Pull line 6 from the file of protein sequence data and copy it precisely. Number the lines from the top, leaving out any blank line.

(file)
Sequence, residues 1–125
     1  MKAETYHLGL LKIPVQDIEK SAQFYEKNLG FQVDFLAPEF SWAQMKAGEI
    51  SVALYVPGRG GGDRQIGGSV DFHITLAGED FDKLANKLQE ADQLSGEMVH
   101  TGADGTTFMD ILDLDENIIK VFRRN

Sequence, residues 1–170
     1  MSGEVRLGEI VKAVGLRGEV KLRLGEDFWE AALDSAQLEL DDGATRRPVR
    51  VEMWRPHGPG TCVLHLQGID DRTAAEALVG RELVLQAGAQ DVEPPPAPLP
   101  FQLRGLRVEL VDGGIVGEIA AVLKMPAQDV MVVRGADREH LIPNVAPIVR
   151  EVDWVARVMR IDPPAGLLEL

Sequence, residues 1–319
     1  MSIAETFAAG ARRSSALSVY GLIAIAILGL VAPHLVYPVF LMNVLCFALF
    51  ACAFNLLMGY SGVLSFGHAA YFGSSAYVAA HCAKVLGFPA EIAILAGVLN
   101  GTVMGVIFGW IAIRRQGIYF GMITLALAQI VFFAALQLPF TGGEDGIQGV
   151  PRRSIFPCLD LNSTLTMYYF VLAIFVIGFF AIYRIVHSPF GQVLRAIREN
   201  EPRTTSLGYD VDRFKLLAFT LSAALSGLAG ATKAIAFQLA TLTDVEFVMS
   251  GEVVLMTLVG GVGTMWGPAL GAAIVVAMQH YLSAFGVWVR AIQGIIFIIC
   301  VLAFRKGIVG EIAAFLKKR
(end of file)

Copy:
     1  MSGEVRLGEI VKAVGLRGEV KLRLGEDFWE AALDSAQLEL DDGATRRPVR